The Community Reinvestment Act (CRA) - Separating Truth from Myths
Keynote Presentation by Julie Stackhouse
Passed in 1977, the Community Reinvestment Act (CRA) has played an integral part in expanding access to credit in communities and to borrowers across the United States. But banking is changing, with fewer bank charters and branches. And nonbank financial firms, who do not have CRA obligations, are growing in number and size.
In this video, St. Louis Fed Executive Vice President Julie Stackhouse covers the history of CRA and what it does and does not address. She also discusses recent efforts to update the regulation to reflect the current banking environment.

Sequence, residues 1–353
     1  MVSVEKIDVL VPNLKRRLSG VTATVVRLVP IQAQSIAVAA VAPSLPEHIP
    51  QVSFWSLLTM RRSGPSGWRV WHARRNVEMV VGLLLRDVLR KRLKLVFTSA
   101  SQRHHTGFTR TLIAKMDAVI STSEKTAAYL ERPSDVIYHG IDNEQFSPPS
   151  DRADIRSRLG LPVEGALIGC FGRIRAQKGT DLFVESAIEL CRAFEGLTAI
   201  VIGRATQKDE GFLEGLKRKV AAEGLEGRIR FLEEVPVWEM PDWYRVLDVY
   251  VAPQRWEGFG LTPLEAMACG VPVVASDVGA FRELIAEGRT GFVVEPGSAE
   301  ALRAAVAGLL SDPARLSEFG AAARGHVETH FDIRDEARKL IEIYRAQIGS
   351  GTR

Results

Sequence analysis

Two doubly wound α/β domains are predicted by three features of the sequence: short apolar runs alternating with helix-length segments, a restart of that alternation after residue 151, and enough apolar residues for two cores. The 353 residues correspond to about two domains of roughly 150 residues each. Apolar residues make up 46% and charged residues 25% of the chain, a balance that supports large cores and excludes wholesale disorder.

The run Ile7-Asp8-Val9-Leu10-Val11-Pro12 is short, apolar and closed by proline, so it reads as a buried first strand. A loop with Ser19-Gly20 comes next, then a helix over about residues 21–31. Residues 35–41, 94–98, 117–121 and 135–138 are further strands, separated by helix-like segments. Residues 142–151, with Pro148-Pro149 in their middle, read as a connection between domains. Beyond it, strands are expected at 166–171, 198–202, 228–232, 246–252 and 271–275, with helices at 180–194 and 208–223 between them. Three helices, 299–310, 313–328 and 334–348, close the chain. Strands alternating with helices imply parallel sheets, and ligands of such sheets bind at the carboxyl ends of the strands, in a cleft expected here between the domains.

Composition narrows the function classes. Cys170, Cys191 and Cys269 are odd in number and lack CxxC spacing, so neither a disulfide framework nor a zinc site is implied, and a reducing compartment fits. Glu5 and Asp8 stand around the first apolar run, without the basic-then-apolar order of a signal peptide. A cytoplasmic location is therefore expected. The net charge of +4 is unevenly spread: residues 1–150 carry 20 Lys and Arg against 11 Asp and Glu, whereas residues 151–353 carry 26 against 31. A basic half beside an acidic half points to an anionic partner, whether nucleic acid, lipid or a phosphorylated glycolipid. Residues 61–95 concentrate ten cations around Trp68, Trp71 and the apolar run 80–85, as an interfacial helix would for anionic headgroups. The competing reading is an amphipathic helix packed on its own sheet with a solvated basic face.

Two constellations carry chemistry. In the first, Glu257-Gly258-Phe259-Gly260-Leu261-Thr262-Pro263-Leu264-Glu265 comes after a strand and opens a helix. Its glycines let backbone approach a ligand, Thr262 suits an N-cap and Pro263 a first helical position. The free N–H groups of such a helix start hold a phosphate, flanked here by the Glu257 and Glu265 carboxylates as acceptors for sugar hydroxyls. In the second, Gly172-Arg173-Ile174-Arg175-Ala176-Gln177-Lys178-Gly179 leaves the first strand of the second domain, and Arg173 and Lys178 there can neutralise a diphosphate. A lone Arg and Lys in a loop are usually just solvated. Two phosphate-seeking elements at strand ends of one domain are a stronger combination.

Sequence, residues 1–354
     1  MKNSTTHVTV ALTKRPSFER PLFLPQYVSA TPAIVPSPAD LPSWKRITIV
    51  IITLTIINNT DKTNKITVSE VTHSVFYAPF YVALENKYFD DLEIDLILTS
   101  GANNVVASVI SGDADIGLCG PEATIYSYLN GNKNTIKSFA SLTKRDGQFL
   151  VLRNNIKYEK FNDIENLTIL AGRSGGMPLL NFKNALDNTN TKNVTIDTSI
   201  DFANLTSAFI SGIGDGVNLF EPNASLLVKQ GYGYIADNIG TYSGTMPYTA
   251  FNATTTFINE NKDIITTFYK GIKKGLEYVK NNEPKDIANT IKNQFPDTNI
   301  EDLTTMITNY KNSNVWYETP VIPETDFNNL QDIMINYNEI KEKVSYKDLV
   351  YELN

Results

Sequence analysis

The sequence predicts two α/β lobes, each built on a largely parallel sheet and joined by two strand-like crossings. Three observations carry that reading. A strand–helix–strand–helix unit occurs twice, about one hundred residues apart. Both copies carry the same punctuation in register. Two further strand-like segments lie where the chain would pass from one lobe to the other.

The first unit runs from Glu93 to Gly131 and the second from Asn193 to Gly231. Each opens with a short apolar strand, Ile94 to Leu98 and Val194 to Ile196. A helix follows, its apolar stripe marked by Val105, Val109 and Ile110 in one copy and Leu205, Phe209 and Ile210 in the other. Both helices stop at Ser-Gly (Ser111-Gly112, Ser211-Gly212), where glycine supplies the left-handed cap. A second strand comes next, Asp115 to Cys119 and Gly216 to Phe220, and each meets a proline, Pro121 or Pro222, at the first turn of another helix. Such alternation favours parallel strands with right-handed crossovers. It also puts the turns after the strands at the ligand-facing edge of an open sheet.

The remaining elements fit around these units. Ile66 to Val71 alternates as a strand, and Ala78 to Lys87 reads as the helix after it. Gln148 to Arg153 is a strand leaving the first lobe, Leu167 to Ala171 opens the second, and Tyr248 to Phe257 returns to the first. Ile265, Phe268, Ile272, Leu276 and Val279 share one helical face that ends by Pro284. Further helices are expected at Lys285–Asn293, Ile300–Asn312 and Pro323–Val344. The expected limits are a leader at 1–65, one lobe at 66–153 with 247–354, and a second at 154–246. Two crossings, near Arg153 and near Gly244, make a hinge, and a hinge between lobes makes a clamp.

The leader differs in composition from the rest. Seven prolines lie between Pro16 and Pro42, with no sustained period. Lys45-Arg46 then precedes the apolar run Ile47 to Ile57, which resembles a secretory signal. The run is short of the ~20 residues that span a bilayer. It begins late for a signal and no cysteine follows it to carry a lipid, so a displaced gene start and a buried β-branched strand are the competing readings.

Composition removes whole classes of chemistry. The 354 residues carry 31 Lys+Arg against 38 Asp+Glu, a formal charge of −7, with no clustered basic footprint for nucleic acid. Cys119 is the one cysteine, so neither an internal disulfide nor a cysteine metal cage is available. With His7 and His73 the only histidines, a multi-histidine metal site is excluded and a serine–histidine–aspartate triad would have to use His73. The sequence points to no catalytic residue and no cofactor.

- (18:02) - What is redlining, and why did it have such negative consequences?
- (23:31) - What is the CRA?
- (25:36) - How has the CRA changed over time? One change involves requiring banks’ CRA ratings to be made public.
- (34:46) - How has the banking landscape changed over the past few decades?
- (40:20) - Larger banks have been reporting significant profits recently, but smaller banks struggle with costs.
Following the presentation, Stackhouse was joined by Senior Assistant Examiner Caleb Bobo and Assistant Vice President Doug Kerr to answer questions from the audience. Among the topics discussed were redlining, the history of lending in St. Louis and how complaints against banks are handled.
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